Weymouth grandmother passes advanced driving test

10:00am Wednesday 8th June 2011

By Arron Hendy

AN 87-YEAR-OLD grandmother from Weymouth has become one of the oldest motorists in England to pass the Advanced Driving Test.

Jean Rawson, of Belle Vue Road, has never passed a driving test as her provisional licence was automatically upgraded to a full licence after the Second World War.

But she decided to take on the advanced test to prove she is an adequate driver despite her mature years and is hoping her new certificate will help her get cheaper car insurance.

“I’ve always enjoyed driving enormously as I like the freedom of it,” Mrs Rawson said.

The retired dog breeder came from good stock for driving as her father was Herbert ‘Herbie’ Kensington Moir, one of the famed Bentley Boys who raced in the early 1920s.

She saw an advert for the advanced driving programme in the Echo and decided she wanted to complete the test to prove she should still be driving her white Volkswagen Polo 1.9 diesel.

She said: “Someone might say ‘you are too old to drive’ and not want me to renew my licence so I thought if I’m an advanced driver I can say: ‘No I’m still good enough to drive’ and I’ll have an argument.”

Mrs Rawson began driving in 1947 after moving to Tarrant Monkton near Blandford and her father brought her a car.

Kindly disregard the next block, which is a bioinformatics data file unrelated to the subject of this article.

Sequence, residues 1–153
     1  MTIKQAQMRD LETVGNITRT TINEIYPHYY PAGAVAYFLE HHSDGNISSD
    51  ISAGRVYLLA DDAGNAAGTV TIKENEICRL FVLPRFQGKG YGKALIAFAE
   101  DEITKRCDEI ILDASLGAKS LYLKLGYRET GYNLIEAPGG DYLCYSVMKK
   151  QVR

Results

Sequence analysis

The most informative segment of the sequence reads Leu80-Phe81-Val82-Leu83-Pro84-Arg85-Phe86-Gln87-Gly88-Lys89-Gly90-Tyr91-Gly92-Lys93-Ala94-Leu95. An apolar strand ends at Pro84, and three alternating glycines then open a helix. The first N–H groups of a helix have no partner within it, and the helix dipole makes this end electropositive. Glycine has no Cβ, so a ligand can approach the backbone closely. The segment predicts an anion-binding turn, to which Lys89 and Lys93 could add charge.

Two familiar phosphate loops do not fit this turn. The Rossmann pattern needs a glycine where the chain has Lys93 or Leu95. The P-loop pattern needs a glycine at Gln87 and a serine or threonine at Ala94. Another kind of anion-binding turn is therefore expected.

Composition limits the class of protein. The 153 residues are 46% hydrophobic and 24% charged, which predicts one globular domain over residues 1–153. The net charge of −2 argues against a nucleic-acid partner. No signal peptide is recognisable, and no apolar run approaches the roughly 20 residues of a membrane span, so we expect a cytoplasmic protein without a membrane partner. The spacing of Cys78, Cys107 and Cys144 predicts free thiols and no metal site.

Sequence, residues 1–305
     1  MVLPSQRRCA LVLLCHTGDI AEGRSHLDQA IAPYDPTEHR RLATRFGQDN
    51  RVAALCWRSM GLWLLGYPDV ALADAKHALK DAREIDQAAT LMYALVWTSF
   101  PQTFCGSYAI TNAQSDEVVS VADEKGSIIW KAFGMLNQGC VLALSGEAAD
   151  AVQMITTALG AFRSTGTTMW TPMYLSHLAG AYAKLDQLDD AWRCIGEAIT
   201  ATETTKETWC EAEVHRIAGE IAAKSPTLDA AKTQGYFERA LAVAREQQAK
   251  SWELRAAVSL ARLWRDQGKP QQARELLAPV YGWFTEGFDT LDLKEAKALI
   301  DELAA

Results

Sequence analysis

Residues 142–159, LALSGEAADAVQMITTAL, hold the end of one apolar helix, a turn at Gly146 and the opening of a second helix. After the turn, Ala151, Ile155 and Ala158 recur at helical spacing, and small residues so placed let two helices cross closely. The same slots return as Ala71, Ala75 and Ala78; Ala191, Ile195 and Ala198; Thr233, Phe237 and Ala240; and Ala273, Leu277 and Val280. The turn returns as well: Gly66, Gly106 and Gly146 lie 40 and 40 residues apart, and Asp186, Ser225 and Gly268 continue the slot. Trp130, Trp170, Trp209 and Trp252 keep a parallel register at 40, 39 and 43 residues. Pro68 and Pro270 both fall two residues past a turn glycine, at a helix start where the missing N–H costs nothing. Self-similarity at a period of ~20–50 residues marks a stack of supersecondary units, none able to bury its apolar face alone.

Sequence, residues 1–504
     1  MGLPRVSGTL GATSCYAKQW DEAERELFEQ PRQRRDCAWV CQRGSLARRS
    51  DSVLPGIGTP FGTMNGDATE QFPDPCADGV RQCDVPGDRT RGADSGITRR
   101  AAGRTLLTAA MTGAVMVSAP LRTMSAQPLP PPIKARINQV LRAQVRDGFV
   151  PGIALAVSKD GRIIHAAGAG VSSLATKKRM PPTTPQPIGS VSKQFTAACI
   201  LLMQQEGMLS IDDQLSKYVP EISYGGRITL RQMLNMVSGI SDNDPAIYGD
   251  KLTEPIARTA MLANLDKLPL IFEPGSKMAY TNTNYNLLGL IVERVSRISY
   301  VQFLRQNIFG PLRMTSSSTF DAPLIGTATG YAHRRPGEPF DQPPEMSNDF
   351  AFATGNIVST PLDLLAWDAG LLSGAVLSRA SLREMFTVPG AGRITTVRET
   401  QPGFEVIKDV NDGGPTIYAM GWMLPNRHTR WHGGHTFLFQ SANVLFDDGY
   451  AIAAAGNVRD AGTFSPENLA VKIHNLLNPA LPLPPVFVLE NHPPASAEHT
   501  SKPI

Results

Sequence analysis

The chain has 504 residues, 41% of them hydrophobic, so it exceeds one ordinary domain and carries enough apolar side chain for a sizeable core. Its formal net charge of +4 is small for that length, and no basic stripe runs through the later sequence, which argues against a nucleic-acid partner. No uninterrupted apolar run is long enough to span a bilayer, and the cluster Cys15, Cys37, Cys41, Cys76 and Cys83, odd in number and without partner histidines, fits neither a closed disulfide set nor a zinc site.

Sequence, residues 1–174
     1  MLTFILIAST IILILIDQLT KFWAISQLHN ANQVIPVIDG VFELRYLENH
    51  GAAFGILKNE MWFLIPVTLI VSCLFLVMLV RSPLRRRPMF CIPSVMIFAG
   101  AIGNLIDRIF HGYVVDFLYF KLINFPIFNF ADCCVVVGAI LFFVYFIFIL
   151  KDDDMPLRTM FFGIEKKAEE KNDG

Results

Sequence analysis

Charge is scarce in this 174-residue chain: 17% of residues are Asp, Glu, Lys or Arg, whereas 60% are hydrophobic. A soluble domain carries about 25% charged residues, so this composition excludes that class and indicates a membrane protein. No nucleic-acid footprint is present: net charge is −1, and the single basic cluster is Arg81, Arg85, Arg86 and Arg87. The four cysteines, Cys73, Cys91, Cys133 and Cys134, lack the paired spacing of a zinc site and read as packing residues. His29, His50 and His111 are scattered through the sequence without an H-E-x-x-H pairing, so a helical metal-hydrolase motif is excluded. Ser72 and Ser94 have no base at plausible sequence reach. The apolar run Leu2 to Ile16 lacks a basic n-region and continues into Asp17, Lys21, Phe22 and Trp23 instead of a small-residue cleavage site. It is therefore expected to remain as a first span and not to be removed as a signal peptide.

She said: “He brought me a Ford 8 van and took me out for about 20 minutes and said: ‘you’ll be alright’ and left me with it.

“He left me with this van which I subsequently turned over near Blandford Camp and it had no seat belts.”

Mrs Rawson, who was a Second World War Wren, had four daughters and one son with her husband John, who passed away in 1996. She still drives around Weymouth and Portland and often to Sussex to see her sister. Sometimes she also drives to Yorkshire and Scotland with friends.

Mrs Rawson is careful not to break the speed limit after being caught doing 34 miles an hour on Buxton Road in Weymouth.

She attended a rehabilitation course to avoid having any points added to her licence and shocked fellow drivers when she announced she had never taken a test.

Mrs Rawson is often tailgated by drivers who get too close behind her but once she gets to national speed limit roads they are left in her wake.

She said: “I get tailgated because of my white hair and they think: ‘Silly old bat, she doesn’t know how to drive.’ I go at 30 and they think they will pass me but when I get to national speed limit suddenly I’m 350 yards ahead.”

• A SPOKESMAN for the IAM (Institute of Advanced Motorists) said Mrs Rawson is the oldest woman on their records to have passed the advanced test in Dorset.

The course and test is aimed at improving driving standards and helping to make motorists safer.

The advanced programme entitled A Skill For Life provides an initial assessment with an IAM voluntary observer from your local IAM Group and as many on-road drives with an IAM observer as required to achieve ‘test ready’ status.

This is typically six to eight drives and includes advice on safe driving and breaking distances and speeds and advice on advanced hazard perception.

It also includes journey planning and how to save fuel by avoiding quick acceleration and breaking.

During the 90 minute test drivers need to show they are able to cope with a variety of conditions including urban, motorway and rural driving – statistically the worst roads for people being killed and seriously injured.

The IAM spokesman said: “Mrs Rawson is to be congratulated on taking and passing her advanced driving test.”

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